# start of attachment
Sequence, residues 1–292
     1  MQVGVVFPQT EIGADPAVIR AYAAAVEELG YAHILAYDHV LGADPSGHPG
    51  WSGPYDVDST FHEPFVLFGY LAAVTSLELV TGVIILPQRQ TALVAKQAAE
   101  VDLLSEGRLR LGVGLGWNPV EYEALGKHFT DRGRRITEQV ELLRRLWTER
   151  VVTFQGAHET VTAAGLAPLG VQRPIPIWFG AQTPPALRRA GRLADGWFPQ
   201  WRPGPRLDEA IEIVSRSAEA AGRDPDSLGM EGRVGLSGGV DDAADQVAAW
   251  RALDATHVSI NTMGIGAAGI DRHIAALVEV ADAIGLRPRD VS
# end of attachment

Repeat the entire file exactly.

Sequence, residues 1–292
     1  MQVGVVFPQT EIGADPAVIR AYAAAVEELG YAHILAYDHV LGADPSGHPG
    51  WSGPYDVDST FHEPFVLFGY LAAVTSLELV TGVIILPQRQ TALVAKQAAE
   101  VDLLSEGRLR LGVGLGWNPV EYEALGKHFT DRGRRITEQV ELLRRLWTER
   151  VVTFQGAHET VTAAGLAPLG VQRPIPIWFG AQTPPALRRA GRLADGWFPQ
   201  WRPGPRLDEA IEIVSRSAEA AGRDPDSLGM EGRVGLSGGV DDAADQVAAW
   251  RALDATHVSI NTMGIGAAGI DRHIAALVEV ADAIGLRPRD VS